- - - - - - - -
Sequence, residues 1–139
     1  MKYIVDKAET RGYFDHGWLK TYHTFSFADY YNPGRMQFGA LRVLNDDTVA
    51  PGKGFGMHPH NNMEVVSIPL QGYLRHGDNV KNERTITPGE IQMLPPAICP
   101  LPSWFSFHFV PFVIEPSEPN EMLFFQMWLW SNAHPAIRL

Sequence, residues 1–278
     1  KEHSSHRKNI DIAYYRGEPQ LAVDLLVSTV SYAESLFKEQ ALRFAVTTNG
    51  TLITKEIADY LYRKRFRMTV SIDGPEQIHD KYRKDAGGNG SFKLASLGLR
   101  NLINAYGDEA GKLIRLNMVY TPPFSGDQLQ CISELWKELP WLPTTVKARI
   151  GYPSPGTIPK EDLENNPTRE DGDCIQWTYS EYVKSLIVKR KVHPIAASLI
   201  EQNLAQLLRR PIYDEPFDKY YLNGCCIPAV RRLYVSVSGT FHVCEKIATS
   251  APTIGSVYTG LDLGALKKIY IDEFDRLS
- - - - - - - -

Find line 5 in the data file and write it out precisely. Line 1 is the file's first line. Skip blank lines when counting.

Sequence, residues 1–278